Journal of Comparative Physiology A

, Volume 154, Issue 2, pp 279–286 | Cite as

Visual cells and visual pigments of the lamprey,Lampetra fluviatilis

  • V. I. Govardovskii
  • D. V. Lychakov
Article

Summary

The long and short photoreceptors in the lamprey retina possess similar cone-like outer segments where many disks are infoldings of the outer plasmic membrane. Following the treatment by the Hartwig's (1967) method, outer segments of the long receptors are stained red, and those of the short receptor are stained blue, like the cones and rods in higher vertebrates, resp. (Fig. 1). Microspectrophotometry has shown that the short cells contain P5171 whereas the long receptors possess P5551 (Fig. 3). Spectral sensitivity of the dark-adapted retina measured by electroretinographic b-wave and aspartate-isolated receptor potential, corresponds to P517 (Figs. 5, 8). Judging from the receptor potential, the short receptors do not saturate at high illuminances and contribute to the retinal function in photopic conditions as well (Fig. 7). Photopic ERG is of a typical cone-dominant shape (Fig. 4).

It is concluded that the long photoreceptors of the lamprey retina are cones whereas the short cells should be regarded as a peculiar kind of rods which possess cone ultrastructure and can operate in scotopic as well as in photopic conditions.

Abbreviation

LRP

late receptor potential

References

  1. Baylor DA, Fuortes MGF (1970) Electrical responses of single cones in the retina of the turtle. J Physiol 207:77–92Google Scholar
  2. Bongard MM (1955) Colorimetry on animals. Dokl Akad Nauk SSSR 103:239–242 (in Russian)Google Scholar
  3. Crescitelli F (1972) The visual cells and visual pigments of the vertebrate eye. In: Dartnall HJA (ed) Handbook of sensory physiology, vol VII/1. Springer, Berlin Heidelberg New York, pp 247–363Google Scholar
  4. Dickson DH, Graves DA (1979) Fine structure of the lamprey photoreceptors and retinal pigment epithelium. Anat Rec 193:522–523Google Scholar
  5. Donner KO, Rushton WAH (1959) Retinal stimulation by light substitution. J Physiol 149:288–302Google Scholar
  6. Eakin RM (1965) Differentiation of rods and cones in total darkness. J Cell Biol 25:162–165Google Scholar
  7. Eakin RM, Brandenburger JL (1970) Osmic staining of amphibian and gastropod photoreceptors. J Ultrastruct Res 30:619–641Google Scholar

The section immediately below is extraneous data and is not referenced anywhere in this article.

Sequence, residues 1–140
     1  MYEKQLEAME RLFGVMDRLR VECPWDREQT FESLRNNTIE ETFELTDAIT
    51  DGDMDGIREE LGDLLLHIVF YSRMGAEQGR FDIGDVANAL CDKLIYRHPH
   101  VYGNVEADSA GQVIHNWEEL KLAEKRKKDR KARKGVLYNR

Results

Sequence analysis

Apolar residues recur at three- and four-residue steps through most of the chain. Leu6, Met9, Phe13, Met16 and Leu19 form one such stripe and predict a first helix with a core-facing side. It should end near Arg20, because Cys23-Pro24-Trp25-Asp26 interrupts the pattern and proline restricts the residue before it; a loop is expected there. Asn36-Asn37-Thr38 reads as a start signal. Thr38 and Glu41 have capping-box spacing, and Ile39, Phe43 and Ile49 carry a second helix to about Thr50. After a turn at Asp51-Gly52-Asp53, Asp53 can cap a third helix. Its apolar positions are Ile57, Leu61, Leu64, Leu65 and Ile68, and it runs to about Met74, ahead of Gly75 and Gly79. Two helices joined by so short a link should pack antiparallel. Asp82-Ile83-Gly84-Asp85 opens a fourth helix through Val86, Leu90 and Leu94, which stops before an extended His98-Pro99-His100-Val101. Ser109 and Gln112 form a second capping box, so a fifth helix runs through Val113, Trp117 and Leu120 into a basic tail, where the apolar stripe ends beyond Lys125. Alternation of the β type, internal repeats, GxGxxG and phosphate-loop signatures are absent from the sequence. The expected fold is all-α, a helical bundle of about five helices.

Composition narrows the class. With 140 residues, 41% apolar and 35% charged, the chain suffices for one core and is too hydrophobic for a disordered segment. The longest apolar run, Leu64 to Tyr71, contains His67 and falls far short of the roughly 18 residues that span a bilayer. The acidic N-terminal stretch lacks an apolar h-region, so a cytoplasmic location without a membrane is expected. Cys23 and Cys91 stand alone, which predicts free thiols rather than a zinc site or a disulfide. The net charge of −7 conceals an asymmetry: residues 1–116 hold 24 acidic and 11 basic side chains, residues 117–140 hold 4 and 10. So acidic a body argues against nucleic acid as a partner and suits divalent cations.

8. Ebrey TG, Honig B (1977) New wavelength dependent visual pigment nomograms. Vision Res 17:147–151Google Scholar
  9. Evans EM (1966) On the ultrastructure of the synaptic region of visual receptors in certain vertrebrates. Z Zellforsch 71:499–516Google Scholar
  10. Fujimoto M, Tomita T (1979) Reconstitution of the slow PIII from the rod potential. Invest Ophthalmol Visual Sci 18:1090–1093Google Scholar
  11. Govardovskii VI (1967) Electron microscopic investigation of the structure and development of vertebrate photoreceptors. Thesis, Leningrad (in Russian)Google Scholar
  12. Govardovskii VI (1975) On the sites of generation of the early and late receptor potentials in rods. Vision Res 15:971–981Google Scholar
  13. Govardovskii VI (1977) On the role of Ca++ in excitation of vertebrate photoreceptors. Dokl Akad Nauk SSSR 235:1445–1448 (in Russian)Google Scholar
  14. Govardovskii VI, Zueva LV (1974) Spectral sensitivity of the frog eye in the ultraviolet and visible region. Vision Res 14:1317–1321Google Scholar
  15. Hartwig H-G (1967) Eine neue Methode zur färberischen Differenzierung von Stäbchen und Zapfen. Z Wiss Mikroskopie 68:235–240Google Scholar
  16. Holmberg K, Öhman P, Dreyfert T (1977) ERG-recordings from the retina of the river lamprey (Lampetra fluviatilis). Vision Res 17:715–717Google Scholar
  17. Laties AM, Liebman PA (1970) Cones of living amphibian eye: selective staining. Science 168:1475–1477Google Scholar
  18. Liebman PA (1975) Birefringence, dichroism and rod outer segment structure. In: Snyder AW, Menzel R (eds) Photoreceptor optics. Springer, Berlin Heidelberg New York, pp 199–214Google Scholar
  19. Lychakov DV (1976) Light- and electron microscopic study of photoreceptors in lamprey (Lampetra fluviatilis). J Evol Biochem Physiol 12:358–361 (in Russian)Google Scholar
  20. Öhman P (1971) The photoreceptor outer segments of the river lamprey (Lampetra fluviatilis). An electron-, fluorescence- and light microscopic study. Vision Res 11:287–297Google Scholar
  21. Öhman P (1976) Fine structure of photoreceptors and associated neurons in the retina ofLampetra fluviatilis (Cyclostomi). Vision Res 16:659–662Google Scholar
  22. Romeis B (1948) Mikroskopische Technik, Leibnitz, MünchenGoogle Scholar
  23. Sillman AJ, Ito H, Tomita T (1969) Studies on the mass receptor potential of the isolated frog retina. I. General properties of the response. Vision Res 9:1435–1442Google Scholar
  24. Stell WK (1967) The structure and relationships of horizontal cells and photoreceptor-bipolar synaptic complexes in goldfish retina. Am J Anat 121:401–424Google Scholar
  25. Tretjakoff DK (1916) Sense organs of the river lamprey. Transactions of Novoross Univ, Phys Mat Fac, 8:OdessaGoogle Scholar
  26. Wald G (1957) The metamorphosis of visual systems in the sea lamprey. J Gen Physiol 40:901–914Google Scholar
  27. Walls GL (1942) The vertebrate eye and its adaptive radiation. Cranbrook, Bloomfield HillsGoogle Scholar
  28. Witkowsky P, Dowling JE (1969) Synaptic relationships in the plexiform layers of carp retina. Z Zellforsch 100:60–82Google Scholar
  29. Young RW, Droz B (1968) The renewal of protein in retinal rods and cones. J Cell Biol 39:169–194Google Scholar

Copyright information

© Springer-Verlag 1984

Authors and Affiliations

  • V. I. Govardovskii
    • 1
  • D. V. Lychakov
    • 1
  1. 1.I.M. Sechenov Institute of Evolutionary Physiology and BiochemistryLeningradUSSR

Personalised recommendations